749. Strategies to Maximize Participant Retention in the Sierra Leone Trial to Introduce a Vaccine Against Ebola (STRIVE)
Session: Poster Abstract Session: Vaccines: New and Novel
Thursday, October 27, 2016
Room: Poster Hall
Background: STRIVE, a phase 2/3 trial of investigational rVSV∆G-ZEBOV (Merck) vaccine was implemented in 5 districts in Sierra Leone during the 2014-2015 Ebola epidemic. Eligible health care workers and front line Ebola response workers were individually randomized to immediate (within 7 days) or deferred (within 18-24 weeks) vaccination and followed for 6 months after enrollment or vaccination for medical events, including Ebola virus disease (EVD). There were concerns that high rates of follow-up would be difficult to achieve in a low resource setting with poor communications infrastructure.

Methods: The study design incorporated several features to maximize participant retention, especially for the deferred vaccination group. To facilitate safety follow-up, STRIVE provided cell phones to participants with free calls to study staff and a dedicated hotline for participants to report health concerns and be referred for clinical care. Trial staff conducted monthly calls to participants using their study phone or personal/other phone number if provided, making up to six attempts. Home visits were made if participants could not be contacted by phone. Preliminary follow-up data are presented.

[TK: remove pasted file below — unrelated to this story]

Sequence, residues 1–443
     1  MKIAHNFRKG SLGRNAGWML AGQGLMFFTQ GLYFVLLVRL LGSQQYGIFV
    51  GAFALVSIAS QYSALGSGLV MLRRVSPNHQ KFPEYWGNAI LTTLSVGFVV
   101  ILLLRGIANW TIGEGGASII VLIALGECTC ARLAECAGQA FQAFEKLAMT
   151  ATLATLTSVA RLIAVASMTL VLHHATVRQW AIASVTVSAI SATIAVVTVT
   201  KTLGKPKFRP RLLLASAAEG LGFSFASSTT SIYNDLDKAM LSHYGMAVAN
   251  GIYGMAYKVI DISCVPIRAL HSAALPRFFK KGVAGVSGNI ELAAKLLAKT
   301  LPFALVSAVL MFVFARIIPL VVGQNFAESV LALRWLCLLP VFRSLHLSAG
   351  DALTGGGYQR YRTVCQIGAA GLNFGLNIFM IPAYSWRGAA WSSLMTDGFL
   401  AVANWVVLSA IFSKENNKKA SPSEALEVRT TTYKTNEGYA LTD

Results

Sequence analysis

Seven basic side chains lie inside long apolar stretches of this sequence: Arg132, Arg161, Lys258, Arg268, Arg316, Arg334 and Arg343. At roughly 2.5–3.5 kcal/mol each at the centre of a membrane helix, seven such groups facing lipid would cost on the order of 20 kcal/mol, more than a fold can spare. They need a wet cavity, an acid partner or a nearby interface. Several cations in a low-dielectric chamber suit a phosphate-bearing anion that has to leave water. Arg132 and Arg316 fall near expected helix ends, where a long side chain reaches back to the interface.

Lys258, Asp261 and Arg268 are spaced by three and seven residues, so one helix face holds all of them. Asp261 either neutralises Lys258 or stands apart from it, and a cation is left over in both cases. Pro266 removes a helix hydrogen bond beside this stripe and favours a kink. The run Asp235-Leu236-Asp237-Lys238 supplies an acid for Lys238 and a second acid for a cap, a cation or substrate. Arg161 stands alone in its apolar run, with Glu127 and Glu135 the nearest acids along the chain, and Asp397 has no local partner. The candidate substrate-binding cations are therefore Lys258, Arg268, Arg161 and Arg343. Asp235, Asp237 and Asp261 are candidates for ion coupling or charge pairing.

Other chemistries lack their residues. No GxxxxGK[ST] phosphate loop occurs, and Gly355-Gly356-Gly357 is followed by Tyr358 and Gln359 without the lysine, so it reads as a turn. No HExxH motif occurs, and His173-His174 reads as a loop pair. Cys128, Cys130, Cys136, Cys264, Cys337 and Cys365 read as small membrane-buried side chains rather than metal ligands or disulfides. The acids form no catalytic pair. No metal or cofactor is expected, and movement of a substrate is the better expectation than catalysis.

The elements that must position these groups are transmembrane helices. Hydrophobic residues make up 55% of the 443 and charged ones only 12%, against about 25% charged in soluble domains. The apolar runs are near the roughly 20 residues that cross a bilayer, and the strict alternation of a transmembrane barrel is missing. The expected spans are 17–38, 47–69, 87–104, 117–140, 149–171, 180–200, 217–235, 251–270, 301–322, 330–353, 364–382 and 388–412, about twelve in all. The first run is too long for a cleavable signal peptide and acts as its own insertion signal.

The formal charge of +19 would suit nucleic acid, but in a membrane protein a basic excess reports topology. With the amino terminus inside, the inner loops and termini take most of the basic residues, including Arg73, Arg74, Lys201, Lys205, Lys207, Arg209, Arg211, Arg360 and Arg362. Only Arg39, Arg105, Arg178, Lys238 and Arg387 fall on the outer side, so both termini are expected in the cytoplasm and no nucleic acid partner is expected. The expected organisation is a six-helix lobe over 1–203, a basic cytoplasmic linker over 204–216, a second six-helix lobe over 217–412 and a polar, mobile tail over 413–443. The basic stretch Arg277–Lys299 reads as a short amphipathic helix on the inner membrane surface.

Results: Of the approximately 8650 participants enrolled and randomized, half were assigned to the immediate vaccine group and half to the deferred group. Approximately 1% withdrew or were lost to follow-up within 6 weeks of vaccination (immediate group) or enrollment (deferred group). About 95% of the immediate vaccination group completed 6 months of safety follow-up, and 88% of the deferred vaccination group completed pre-vaccination follow-up and were vaccinated. Post-vaccination follow-up in the deferred group is ongoing. The most common reasons for early termination were declining deferred vaccination followed by losses to follow-up. To date, no vaccine-related serious adverse events or EVD cases have been reported.

Conclusion: High retention of study participants in a vaccine clinical trial in a low resource setting was achievable using multiple follow-up methods. Use of a deferred intervention control group in the design of a randomized clinical vaccine trial in an outbreak in such a setting is feasible.

Rosalind J. Carter, PhD, National Center for Immunization and Respiratory Diseases, Centers for Disease Control and Prevention, Atlanta, GA, Reynold B.G Senesi, MSc, College of Medicine and Allied Health Sciences, University of Sierra Leone, Freetown, Sierra Leone, Samuel A. S. Kargbo, MBBS, Department of Health Systems, Policy, Planning and Information, Ministry of Health and Sanitation, Freetown, Sierra Leone and STRIVE Study Team

Disclosures:

R. J. Carter, None

R. B. G. Senesi, None

S. A. S. Kargbo, None

Findings in the abstracts are embargoed until 12:01 a.m. CDT, Wednesday Oct. 26th with the exception of research findings presented at the IDWeek press conferences.